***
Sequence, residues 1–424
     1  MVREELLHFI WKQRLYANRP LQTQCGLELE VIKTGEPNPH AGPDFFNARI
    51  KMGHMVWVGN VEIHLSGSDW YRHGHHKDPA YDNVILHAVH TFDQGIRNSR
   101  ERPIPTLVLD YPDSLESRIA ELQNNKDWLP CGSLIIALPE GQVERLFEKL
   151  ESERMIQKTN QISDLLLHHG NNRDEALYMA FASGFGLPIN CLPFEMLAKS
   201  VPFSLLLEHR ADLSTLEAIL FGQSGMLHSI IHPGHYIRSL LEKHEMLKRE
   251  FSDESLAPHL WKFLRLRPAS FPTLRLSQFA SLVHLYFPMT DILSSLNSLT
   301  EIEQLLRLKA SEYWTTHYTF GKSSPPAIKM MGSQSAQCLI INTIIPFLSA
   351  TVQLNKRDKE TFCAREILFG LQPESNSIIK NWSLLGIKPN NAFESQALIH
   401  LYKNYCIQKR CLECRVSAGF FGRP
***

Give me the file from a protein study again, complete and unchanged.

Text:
Sequence, residues 1–424
     1  MVREELLHFI WKQRLYANRP LQTQCGLELE VIKTGEPNPH AGPDFFNARI
    51  KMGHMVWVGN VEIHLSGSDW YRHGHHKDPA YDNVILHAVH TFDQGIRNSR
   101  ERPIPTLVLD YPDSLESRIA ELQNNKDWLP CGSLIIALPE GQVERLFEKL
   151  ESERMIQKTN QISDLLLHHG NNRDEALYMA FASGFGLPIN CLPFEMLAKS
   201  VPFSLLLEHR ADLSTLEAIL FGQSGMLHSI IHPGHYIRSL LEKHEMLKRE
   251  FSDESLAPHL WKFLRLRPAS FPTLRLSQFA SLVHLYFPMT DILSSLNSLT
   301  EIEQLLRLKA SEYWTTHYTF GKSSPPAIKM MGSQSAQCLI INTIIPFLSA
   351  TVQLNKRDKE TFCAREILFG LQPESNSIIK NWSLLGIKPN NAFESQALIH
   401  LYKNYCIQKR CLECRVSAGF FGRP